(One small exception: Numenera Character Options and Numenera Character Options 2 will remain compatible, but will become substantially less relevant following the improvements to characters in Numenera Discovery. We will retire those titles.)


    As excited as we are about Numenera Discovery, we may be even more excited about Numenera Destiny. This title will enable characters to truly become a part of the setting—to help shape the future of the Ninth World. The people of the Ninth World are locked in a medieval-like state, a world of struggle and danger and often suffering in the shadow of the prior worlds’ wonders. Numenera Destiny allows you to build adventures and campaigns in which players don’t just explore the wonders of the past—they utilize them to help lift the Ninth World out of darkness.

    You can make the world a better place. Help a community defend itself from abhumans or the iron wind. Create centers of learning or trade. Innovate, build, and protect. Manage an entire community and help it prosper and grow—or simply create a cool base or vehicle for your adventuring group. Numenera Destiny will allow you to take what you discover and make your mark on history as someone who elevated the Ninth World into the future.

    Adventuring—exploring the weird and wondrous remnants of the prior worlds—remains, of course, at the core of Numenera play. Numenera Destiny will give you new things to do with your discoveries, along with entirely new and epic ways to structure your campaigns. You’ll discover materials, power sources, and treasures that you can utilize in an entirely new, robust crafting and building system. And perhaps best of all, Numenera Destiny will offer three new character types and a number of new descriptors and foci geared toward this innovative style of play.


    The above two books aren’t the only books that are available through the campaign. More may be added, as stretch goals tumble, but for now we also have….

    The Trilling Shard: A sourcebook on Ellomyr and its challenges, setbacks, opponents, solutions, and triumphs over the course of this campaign. The exact specs of this product remain to be determined (in part by your contributions to this campaign!) but at a minimum it will be a 64-page softcover with a poster map.

    Discover Your Destiny: This PDF product will come out early next year (before Numenera Discovery and Numenera Destiny). It uses story to introduce players to the Ninth World, and focuses on the narrative concepts behind Numenera 2. It leads players—both new and experienced—through creating a character using some of the brand new material from Numenera Destiny and highlights some of the changes people will see in the transition from Numenera to Numenera 2.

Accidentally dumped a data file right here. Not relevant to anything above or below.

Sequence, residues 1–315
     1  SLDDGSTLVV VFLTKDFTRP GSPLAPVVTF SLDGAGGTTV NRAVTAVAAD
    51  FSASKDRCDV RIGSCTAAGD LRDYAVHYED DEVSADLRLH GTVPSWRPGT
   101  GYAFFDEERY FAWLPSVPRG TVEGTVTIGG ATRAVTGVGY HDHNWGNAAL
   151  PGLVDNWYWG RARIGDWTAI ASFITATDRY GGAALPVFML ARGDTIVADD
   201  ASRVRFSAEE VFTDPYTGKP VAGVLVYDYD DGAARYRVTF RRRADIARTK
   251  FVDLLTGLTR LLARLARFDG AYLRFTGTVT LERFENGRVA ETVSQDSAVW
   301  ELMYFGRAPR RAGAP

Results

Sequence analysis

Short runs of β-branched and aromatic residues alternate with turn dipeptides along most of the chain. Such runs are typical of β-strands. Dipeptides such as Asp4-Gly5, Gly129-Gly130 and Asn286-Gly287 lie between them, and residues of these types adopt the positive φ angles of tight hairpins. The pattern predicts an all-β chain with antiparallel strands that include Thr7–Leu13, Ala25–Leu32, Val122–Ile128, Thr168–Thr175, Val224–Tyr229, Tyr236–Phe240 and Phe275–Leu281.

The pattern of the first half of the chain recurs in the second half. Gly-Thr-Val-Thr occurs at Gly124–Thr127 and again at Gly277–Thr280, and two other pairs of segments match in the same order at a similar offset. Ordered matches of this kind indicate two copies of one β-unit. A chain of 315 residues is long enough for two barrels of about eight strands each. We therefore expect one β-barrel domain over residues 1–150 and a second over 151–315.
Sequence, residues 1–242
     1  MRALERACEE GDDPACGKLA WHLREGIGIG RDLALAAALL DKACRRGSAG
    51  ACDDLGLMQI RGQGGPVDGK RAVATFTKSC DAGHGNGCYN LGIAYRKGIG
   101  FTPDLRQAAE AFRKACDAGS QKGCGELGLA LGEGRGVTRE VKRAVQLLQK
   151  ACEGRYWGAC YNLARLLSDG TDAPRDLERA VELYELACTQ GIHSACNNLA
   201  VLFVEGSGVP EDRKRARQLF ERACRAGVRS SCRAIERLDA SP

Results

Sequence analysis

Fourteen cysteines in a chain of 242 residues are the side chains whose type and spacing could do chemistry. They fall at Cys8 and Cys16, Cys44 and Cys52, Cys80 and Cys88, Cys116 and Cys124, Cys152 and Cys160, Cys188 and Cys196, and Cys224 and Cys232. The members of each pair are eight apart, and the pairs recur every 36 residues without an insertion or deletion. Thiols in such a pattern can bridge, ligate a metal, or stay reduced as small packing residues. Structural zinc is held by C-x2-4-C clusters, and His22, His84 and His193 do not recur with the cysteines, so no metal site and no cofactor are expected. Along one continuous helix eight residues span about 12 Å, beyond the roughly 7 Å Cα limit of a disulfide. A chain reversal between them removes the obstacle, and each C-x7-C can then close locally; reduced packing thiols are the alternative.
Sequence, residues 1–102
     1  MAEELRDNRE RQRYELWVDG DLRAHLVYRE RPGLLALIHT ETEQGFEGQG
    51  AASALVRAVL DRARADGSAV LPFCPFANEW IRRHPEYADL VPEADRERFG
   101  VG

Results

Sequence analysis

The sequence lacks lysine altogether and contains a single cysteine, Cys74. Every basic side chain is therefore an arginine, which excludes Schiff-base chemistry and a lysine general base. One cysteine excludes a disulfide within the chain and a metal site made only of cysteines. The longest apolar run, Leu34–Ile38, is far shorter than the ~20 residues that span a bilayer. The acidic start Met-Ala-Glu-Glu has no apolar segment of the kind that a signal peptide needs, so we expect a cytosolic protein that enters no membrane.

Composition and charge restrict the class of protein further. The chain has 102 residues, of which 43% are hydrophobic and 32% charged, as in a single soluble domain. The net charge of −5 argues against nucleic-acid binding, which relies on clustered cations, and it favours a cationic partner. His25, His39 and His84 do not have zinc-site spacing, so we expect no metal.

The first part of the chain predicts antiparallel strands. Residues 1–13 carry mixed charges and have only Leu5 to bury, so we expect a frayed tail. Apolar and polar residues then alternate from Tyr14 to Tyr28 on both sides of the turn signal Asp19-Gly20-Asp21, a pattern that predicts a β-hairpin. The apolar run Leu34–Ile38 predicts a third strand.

Numenera Player's Guide: Create characters, explore the setting, and learn the basic rules in this inexpensive second copy of key rules and setting material. The 64-page softcover is perfect for getting a taste of the game, for having an extra rules and setting reference on hand at the gaming table, or for game masters to hand to new players.

    Building Tomorrow: More installations and items to build, more allies to recruit for your community, more sample communities to build from—and more challenges to face. Building Tomorrow is a 160-page hardcover sourcebook that expands on the community-related content introduced in Numenera Destiny.


    Slaves of the Machine God: A powerful overlord with an army of automatons: is this a simple, straightforward threat to you and your companions, or is there something more going on than meets the eye? An epic adventure of twists and turns in a 120-page softcover.

    Priests of the Aeons: This 160-page hardcover includes new foci and descriptors, cyphers and equipment, and other options and items for your character. It also covers the Aeon Priesthood in detail, giving you information on working with—or joining—the Aeon Priesthood to help enlighten the Ninth World.

    Ruin Deck: When the characters start plumbing the depths of a prior-world ruin, the GM needs as much help as they can get. This deck allows GMs to generate an exciting, vivid and—of course, since it’s Numenera—weird set of ruins to explore. Limitless adventures in one deck of cards.



    Lost Hall of Tyr: A 5e Adventure (Dungeon Grappling support) by Douglas H. Cole
    (Campaign Ends : Tuesday 31st October 2017; 02:00 UTC)